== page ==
Long ago I realized Wine Advocate and Wine Spectator couldn't tell me if I would personally like a wine. Nothing against the idea of a 100-point rating; it's just a subjective measure from somebody with different tastes.
But advanced baseball stats were different. I was an early adopter of VORP and OPS+, and I figured that if the methods of calculation of FRAA were over my head, that was my fault, not the statisticians'.
A stat called xFIP first raised doubts for me. xFIP became my equivalent of an overripe, undrinkable 98-point wine -- it taught me to doubt.
xFIP is supposed to stand for Fielding Independent Pitching. It doesn't show what a pitcher has done, like ERA, or predict what he will do (I like Pecota and understand that probability is not certainty.) What xFIP does is say what that pitcher would have done in a parallel universe where he pitched the same games for a different team.
|That hug is after Matt Cain's perfect game|
Matt Cain is the ace on the current World Champions. He was the No. 2 starter on the World Champions in 2010. While salaries aren't a great measure of effectiveness, they are a marketplace indicator, and Matt Cain is now the highest-paid right-handed pitcher in baseball.
And yet, baseball stats geeks have been saying for years that he's really not so good because his xFIP isn't good. Not like, for example, Edwin Jackson or Joe Blanton, who have had better xFIPs than Cain for the past three seasons. There's not a real baseball team on the planet that would trade Cain for either of those guys. But in the parallel world, Jackson's a great pitcher and Cain is meh.
It's a lot like saying, as Wine Advocate has for years, that great Burgundies that have been shown for decades to age well and are sought by restaurateurs the world over aren't actually as good as some super-rich Cabernet with an expensive label that some new winery just made.
I've been down on xFIP for a while, but where I finally have broken completely from "advanced" baseball stats is on WAR.
WAR is supposed to stand for Wins Above Replacement. It's supposed to compare all players in baseball in every position and every era, so you can end arguments by saying Barry Bonds in 2001 was slightly better than Babe Ruth in 1927 (12.2 to 12.1). That's appealing: with WAR, you can compare the value of shortstops to relief pitchers and not assume it's apples vs. oranges (sweeter vs. more refreshing). With so much money riding on baseball contract decisions, teams like a stat like WAR that might allow them to stop overpaying less valuable players.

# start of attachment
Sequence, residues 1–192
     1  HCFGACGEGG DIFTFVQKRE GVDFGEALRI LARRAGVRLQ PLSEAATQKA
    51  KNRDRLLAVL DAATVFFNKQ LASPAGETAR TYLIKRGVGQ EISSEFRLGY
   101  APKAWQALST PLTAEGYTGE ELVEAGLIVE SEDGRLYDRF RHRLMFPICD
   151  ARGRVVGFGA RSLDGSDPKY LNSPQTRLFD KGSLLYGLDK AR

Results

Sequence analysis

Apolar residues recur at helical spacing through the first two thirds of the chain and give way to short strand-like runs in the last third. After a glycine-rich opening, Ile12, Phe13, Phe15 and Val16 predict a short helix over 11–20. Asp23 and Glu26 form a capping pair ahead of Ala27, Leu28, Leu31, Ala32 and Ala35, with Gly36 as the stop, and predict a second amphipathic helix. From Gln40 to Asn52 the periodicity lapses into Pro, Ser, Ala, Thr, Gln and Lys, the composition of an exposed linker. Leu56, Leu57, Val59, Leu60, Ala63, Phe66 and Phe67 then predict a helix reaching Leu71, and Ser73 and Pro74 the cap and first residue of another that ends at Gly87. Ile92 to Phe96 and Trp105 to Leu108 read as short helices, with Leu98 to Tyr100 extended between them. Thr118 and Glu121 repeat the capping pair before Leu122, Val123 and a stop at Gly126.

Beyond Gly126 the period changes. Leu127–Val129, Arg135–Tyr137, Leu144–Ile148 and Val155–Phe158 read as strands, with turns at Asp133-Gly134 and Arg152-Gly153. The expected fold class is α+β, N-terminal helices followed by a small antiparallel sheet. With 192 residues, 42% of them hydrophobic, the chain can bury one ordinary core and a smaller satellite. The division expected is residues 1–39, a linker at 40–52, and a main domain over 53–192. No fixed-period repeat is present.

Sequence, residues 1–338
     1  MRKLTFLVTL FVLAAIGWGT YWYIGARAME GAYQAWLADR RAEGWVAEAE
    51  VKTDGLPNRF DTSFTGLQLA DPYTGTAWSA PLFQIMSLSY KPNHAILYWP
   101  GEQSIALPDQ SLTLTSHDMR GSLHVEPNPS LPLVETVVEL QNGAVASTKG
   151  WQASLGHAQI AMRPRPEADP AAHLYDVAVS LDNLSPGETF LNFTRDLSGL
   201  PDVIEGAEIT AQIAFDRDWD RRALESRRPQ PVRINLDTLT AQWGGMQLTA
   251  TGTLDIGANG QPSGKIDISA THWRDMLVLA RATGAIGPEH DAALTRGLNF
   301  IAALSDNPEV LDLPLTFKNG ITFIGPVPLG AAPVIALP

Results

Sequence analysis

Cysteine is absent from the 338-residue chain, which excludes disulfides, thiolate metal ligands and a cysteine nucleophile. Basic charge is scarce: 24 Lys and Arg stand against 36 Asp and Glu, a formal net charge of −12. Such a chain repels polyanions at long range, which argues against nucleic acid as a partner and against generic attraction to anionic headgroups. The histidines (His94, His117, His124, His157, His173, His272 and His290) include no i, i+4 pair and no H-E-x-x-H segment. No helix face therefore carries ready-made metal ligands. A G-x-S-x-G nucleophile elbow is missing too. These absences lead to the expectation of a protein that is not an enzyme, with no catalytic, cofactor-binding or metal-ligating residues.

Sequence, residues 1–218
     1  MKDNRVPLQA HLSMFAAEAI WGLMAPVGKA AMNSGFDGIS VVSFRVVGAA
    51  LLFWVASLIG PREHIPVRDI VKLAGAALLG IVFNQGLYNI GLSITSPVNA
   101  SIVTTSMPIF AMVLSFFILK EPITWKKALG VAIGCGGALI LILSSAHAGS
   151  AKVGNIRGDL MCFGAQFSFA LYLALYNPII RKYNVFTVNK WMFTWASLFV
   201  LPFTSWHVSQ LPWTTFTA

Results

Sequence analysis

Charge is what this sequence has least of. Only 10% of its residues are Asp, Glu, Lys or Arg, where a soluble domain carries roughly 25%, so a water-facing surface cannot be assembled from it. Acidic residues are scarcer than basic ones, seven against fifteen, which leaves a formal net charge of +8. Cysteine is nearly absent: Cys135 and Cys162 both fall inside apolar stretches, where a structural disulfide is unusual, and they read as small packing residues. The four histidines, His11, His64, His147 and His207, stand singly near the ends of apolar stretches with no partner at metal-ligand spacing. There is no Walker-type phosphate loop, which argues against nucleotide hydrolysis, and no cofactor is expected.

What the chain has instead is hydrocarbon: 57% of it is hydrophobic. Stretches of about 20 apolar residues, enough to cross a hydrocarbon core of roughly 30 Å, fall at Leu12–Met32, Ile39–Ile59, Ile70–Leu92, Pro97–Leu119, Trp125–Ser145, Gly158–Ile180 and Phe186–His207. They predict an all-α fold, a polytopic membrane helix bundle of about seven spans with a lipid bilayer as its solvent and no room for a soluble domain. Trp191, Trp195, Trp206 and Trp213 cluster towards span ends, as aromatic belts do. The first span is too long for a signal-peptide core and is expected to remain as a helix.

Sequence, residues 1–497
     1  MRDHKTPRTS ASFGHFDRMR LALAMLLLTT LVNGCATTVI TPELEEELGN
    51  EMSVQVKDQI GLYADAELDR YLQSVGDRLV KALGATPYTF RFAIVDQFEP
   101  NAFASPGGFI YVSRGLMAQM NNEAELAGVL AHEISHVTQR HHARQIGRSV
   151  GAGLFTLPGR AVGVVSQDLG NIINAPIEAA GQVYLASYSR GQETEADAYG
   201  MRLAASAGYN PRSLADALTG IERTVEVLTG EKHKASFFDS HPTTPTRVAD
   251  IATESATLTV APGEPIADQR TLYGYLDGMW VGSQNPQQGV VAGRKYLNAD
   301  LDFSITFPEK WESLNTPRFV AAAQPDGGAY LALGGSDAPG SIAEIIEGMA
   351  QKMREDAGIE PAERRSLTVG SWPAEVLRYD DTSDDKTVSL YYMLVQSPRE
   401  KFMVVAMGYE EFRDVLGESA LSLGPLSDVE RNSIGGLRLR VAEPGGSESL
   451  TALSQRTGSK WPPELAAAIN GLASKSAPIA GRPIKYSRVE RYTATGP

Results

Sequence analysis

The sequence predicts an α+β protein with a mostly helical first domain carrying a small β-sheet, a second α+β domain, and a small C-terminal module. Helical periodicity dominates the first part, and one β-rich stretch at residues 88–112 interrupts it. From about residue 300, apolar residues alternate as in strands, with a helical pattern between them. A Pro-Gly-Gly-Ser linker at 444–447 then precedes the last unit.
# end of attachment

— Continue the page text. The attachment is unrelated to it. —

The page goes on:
WAR has so completely taken over arguments between baseball geeks that you never see any other stats anymore. There are just two problems with WAR:
1) Nobody who quotes it knows where it comes from, and
2) Like xFIP, it appears to be based on a parallel universe in which the actual results of games didn't happen.
First, point 1. Like the quarterback rating in football, WAR is calculated using an algorithm of other stats. And like quarterback rating (which is more mysterious to me), nobody can define that algorithm. ESPN's David Schoenfeld, whose job includes trying to explain advanced stats to the SOX ROCK! baseball crowd, wrote more than 1700 words about WAR in July. That's the length of two newspaper columns. Yet he doesn't give the algorithm. And only by reading closely did I learn that there are actually two competing versions of WAR, one from baseball-reference and the other from FanGraphs.
Just like Wine Advocate and Wine Spectator. Each one claims to be definitive. Neither really explains WHY low-acid, non-terroir-driven wines get 97 points while more complex wines that go better with food get 87. They just announce: NewCult Cabernet, 96.
It's hard, mentally, to dispute a definitive-looking number. But I can prove that WAR isn't accurate.